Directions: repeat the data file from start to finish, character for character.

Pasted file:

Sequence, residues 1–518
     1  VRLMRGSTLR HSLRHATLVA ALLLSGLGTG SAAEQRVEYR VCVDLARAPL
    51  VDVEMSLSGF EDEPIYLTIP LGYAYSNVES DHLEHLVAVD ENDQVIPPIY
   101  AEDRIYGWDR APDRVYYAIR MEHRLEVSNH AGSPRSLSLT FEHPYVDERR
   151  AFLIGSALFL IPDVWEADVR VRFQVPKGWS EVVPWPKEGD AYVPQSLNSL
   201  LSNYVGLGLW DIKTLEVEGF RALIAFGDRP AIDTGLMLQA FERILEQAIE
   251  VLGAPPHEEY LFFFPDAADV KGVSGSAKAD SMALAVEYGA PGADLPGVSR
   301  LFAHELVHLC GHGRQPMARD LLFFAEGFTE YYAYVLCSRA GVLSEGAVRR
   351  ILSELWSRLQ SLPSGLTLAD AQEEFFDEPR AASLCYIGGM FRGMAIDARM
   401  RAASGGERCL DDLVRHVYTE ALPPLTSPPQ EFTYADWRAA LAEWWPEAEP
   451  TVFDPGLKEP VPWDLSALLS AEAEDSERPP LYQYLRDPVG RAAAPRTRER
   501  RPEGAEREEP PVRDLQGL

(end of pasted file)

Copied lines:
Sequence, residues 1–518
     1  VRLMRGSTLR HSLRHATLVA ALLLSGLGTG SAAEQRVEYR VCVDLARAPL
    51  VDVEMSLSGF EDEPIYLTIP LGYAYSNVES DHLEHLVAVD ENDQVIPPIY
   101  AEDRIYGWDR APDRVYYAIR MEHRLEVSNH AGSPRSLSLT FEHPYVDERR
   151  AFLIGSALFL IPDVWEADVR VRFQVPKGWS EVVPWPKEGD AYVPQSLNSL
   201  LSNYVGLGLW DIKTLEVEGF RALIAFGDRP AIDTGLMLQA FERILEQAIE
   251  VLGAPPHEEY LFFFPDAADV KGVSGSAKAD SMALAVEYGA PGADLPGVSR
   301  LFAHELVHLC GHGRQPMARD LLFFAEGFTE YYAYVLCSRA GVLSEGAVRR
   351  ILSELWSRLQ SLPSGLTLAD AQEEFFDEPR AASLCYIGGM FRGMAIDARM
   401  RAASGGERCL DDLVRHVYTE ALPPLTSPPQ EFTYADWRAA LAEWWPEAEP
   451  TVFDPGLKEP VPWDLSALLS AEAEDSERPP LYQYLRDPVG RAAAPRTRER
   501  RPEGAEREEP PVRDLQGL